Archives For impulse

notes from a lecture

February 28, 2018 — Leave a comment

Irit Rogoff

Professor of Visual Cultures – Goldsmiths; University of London

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Professor Rogoff proposes that we need to move toward a new understanding of the research term. What is a research term? Rather than setting a question in advance through which research is guided she proposes a state of being as a researcher that is permanent: a state of working and questioning. This is a shift from basing all research knowledge gains on inherited knowledge and toward what she describes as ‘working from conditions’. This is not about focussing on ‘conditions’ themselves, but working ‘from’ conditions. I take this to mean engaging in the totality of your life and existence and allowing your pursuit in research interests to eb and flow into and out of life conditions: a continuum from life to research to life. I feel that there is a connection between my research focus, photogenie, and this sentiment. I describe photogenie as a quest to discover images and moments that resonate (sensation) and offer new insights and knowledge about existence (revelation). It is the ‘quest’ aspect that I think relates to Rogoff.

Interestingly Rogoff proposes this as a response and antithesis to the nihilism and dead ends of identity politics. She places emphasis on emergent (emerging) independent and individual subjectivities. She calls this a ‘re-singularisation’. Personally I can relate to this. As an artist I never seek to align myself with anybody or any collective based on my immutable characteristics – whiteness, maleness, 30 – year old-ness, tattoo-ed-ness,  – nor for that matter do I align with political or social interests. Rogoff asked: ‘how do these subjectivities collect together in a moment?’. I believe this to be the right question. I’ve always found it more interesting to relate to a person or another artist or collaborator, or anyone I might meet on a film set, in terms of that person as a unique and interesting individual. What happens when we talk as two unique and interesting individuals without the forced assumptions (identity based, or politically based) imposed by the terms of the collective in which we are operating? I think that openness and open-mindedness (and mind-full-ness) are more powerful than aligning power to identities.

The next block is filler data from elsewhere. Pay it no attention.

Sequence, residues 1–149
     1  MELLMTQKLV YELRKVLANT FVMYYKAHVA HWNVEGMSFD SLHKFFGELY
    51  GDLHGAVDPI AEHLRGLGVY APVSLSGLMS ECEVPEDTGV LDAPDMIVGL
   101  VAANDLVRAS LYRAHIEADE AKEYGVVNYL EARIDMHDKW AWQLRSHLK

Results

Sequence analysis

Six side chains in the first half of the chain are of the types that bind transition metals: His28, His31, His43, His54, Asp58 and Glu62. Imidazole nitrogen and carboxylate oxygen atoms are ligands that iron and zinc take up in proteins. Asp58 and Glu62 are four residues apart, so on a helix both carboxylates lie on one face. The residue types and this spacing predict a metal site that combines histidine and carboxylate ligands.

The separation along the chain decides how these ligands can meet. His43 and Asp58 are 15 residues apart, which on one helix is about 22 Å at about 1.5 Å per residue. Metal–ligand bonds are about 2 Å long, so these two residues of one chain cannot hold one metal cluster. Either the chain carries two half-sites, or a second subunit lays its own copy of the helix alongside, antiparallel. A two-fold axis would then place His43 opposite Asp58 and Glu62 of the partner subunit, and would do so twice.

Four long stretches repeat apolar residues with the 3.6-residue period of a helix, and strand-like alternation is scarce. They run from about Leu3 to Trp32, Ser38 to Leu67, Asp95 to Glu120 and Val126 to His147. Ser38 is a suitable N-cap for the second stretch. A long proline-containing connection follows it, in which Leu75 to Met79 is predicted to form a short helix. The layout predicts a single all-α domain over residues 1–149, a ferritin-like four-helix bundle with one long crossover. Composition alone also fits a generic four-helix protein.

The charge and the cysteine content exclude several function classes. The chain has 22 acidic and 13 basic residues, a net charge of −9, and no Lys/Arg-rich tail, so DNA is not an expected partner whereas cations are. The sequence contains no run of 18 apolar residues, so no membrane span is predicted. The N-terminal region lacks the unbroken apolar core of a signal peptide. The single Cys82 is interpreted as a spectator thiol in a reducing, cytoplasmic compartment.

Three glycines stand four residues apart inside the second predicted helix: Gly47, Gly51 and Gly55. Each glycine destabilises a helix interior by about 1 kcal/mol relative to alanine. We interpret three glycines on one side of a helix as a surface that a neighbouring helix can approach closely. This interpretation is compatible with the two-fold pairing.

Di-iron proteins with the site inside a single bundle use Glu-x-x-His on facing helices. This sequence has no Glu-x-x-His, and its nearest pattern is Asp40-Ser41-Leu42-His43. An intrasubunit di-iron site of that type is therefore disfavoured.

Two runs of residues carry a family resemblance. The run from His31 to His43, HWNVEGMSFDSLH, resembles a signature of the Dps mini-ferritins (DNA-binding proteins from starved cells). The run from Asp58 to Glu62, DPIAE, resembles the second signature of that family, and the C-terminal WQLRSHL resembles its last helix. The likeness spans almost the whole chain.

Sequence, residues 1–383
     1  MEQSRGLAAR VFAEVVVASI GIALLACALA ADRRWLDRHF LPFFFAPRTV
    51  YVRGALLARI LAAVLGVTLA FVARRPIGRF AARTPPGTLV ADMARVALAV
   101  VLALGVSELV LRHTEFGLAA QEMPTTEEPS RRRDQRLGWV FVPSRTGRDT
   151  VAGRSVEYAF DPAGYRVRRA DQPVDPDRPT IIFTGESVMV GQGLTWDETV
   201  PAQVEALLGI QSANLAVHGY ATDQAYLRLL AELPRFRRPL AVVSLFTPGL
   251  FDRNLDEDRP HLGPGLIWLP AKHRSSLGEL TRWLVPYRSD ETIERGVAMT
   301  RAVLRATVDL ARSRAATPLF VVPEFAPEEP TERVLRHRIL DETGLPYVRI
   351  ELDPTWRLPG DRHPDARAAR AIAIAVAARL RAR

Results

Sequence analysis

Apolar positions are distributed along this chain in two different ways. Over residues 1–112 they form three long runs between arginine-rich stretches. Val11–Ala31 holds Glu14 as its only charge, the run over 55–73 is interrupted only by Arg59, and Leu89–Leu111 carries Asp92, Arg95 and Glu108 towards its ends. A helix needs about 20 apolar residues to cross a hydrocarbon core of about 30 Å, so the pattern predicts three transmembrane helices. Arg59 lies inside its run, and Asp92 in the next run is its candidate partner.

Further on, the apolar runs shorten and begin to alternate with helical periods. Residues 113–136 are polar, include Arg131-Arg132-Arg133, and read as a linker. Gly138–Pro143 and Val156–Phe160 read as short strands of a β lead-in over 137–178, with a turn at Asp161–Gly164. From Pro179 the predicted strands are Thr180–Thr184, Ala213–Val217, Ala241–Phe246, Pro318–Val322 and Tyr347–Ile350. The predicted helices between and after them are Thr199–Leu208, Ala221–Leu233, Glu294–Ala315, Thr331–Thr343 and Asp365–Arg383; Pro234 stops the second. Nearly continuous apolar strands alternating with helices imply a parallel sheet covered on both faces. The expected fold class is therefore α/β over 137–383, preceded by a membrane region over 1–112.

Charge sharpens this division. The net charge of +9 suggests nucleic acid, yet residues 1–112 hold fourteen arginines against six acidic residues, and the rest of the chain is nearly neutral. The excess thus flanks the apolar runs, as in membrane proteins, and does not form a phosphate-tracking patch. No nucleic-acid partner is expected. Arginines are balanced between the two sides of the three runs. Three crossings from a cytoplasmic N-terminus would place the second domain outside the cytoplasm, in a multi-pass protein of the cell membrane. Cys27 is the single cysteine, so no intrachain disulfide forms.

… from an investigative impulse to the constitution of new realities …

The influence of Thomas Kuhn … 

I liked her comment that artistic research is an alternative entry point into significant problems. Granting ourselves permission is an important tenet of artistic expression. What facet of my being needs to be activated – what aspect of my condition is vying for articulation in  reality?

 

 

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images from a work in production

title: I Work for the Devil

In these images I am playing around with different colour tones and editing choices. I am building an aesthetic to carry through the rest of production.

 

 

Wilhelm Worringer posits a spectrum for the impulse behind art – the extremities of which can be defined as an impulse towards empathy at one end and an impulse towards abstraction at the other.

The fundamental notion at the heart of Worringer’s thesis is that beauty derives from our sense of being able to identify with an object; empathy. This has clear relationships with phenomenology and is a starting point for further research. Worringer is looking to understand the reasons behind how and why a human being is driven or drawn towards a work of art. This will inevitably have to include psychology – the level of the individual – and zeitgeist – the level of the broader culture.

Worringer argues that representational art produces satisfaction from our objectified delight in the self, reflecting a confidence in the world as it is as in Renaissance art. By contrast, the urge to abstraction, as exemplified by Egyptian, Byzantine, primitive, or modern expressionist art, articulates a totally different response to the world: it expresses man s insecurity. Thus in historical periods of anxiety and uncertainty, man seeks to abstract objects from their unpredictable state and transform them into absolute, transcendental forms. Abstraction and Empathy also has a sociological dimension, in that the urge to create fixed, abstract, and geometric forms is a response to the modern experience of industrialization and the sense that individual identity is threatened by a hostile mass society.

from

Abstraction and Empathy: A Contribution to the Psychology of Style